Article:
Sociology Lecture 2
Theoretical approaches to sociology
Monday October 22 5-7
Detailed information will be posted on Portal - READ CAREFULLY!
No class on October 18 - instructor will hold additional office hours.
Thomson & Naiman:
Two levels of social structure
Sociologists analyse two levels of social structure that frame and influence human agency:
∙ Microstructures (patterns of intimate social relations formed during face-to-face interaction)
∙ Macrostructures (overarching patterns of social relations in whole societies)
∙ Other sociologists also consider mesostructures and global structures.
∙ C. Wright Mills (1959)
∙ Sociological imagination shows the connection between personal troubles and public uses. Social
problems can only be addresses if this connection is understood.
∙ Naiman: personal troubles should be connected to issues of distal power.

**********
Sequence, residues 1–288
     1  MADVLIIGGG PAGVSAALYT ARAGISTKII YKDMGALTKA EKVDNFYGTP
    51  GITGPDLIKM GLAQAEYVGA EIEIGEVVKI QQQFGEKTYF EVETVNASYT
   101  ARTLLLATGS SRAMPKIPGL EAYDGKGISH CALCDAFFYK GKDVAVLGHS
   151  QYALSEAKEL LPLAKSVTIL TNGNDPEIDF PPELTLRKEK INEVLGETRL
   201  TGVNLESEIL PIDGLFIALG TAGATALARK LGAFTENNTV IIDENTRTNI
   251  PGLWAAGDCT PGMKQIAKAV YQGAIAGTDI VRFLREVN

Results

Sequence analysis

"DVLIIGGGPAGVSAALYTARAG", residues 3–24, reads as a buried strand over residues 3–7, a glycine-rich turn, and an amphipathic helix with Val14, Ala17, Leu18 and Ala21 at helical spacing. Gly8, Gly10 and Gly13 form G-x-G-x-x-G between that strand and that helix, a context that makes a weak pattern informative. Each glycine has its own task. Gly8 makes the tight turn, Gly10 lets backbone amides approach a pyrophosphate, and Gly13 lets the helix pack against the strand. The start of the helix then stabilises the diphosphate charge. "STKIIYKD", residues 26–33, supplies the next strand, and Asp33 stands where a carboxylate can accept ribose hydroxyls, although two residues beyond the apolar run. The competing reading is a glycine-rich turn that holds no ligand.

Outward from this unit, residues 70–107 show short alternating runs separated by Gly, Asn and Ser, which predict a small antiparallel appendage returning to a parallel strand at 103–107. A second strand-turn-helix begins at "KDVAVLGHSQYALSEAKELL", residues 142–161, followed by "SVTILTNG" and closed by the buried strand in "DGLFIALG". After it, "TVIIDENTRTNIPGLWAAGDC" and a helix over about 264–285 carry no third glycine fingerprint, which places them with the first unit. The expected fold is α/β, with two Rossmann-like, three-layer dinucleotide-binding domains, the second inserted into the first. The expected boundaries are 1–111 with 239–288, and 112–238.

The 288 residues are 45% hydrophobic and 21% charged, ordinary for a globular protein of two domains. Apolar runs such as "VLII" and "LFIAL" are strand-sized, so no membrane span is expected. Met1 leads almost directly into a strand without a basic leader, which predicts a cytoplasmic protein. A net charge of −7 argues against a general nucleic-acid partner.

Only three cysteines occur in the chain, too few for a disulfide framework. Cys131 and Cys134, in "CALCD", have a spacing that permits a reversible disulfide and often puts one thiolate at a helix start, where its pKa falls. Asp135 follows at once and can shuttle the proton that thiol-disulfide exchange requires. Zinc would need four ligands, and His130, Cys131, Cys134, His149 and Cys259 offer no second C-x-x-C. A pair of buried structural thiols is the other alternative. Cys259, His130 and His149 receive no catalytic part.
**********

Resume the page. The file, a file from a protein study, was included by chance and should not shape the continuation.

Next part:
Elements of the sociological approach
∙ Theory: a tentative explanation of some aspect of social life stating how and why specific facts are
∙ Research: the process of carefully observing social reality to test the validity of a theory.
∙ Values: ideas about desirability/worth of attributes, people, objects, and processes.
Value free sociology is impossible. But a sociologist’s biases must be declared and minimized by rigorous
research method (Naiman).
Main theoretical approaches in sociology
∙ Structural functionalism (Thomson: functionalism): How is social order supported by
∙ Neo-Marxism (Thomson: conflict theory): How is social inequality maintained and challenged?
∙ Symbolic interactionism (Thomson: microsociology ): How do people create meaning (understand
events) when they communicate in microlevel settings?
∙ Feminism: What are the social sources of patriarchy (a social system of male dominance) in both
macro and micro settings?
∙ Post-modernism: What diverse understandings of society (individual and collective) human actors
have? Functionalism (19 c. Anthropology) and structuralism (1940s American sociology)
∙ Mostly macrosociology
∙ Naiman: an “order theory”
1. Human behaviour is governed by stable patterns of social relations (social structures). Most patterns
have a functio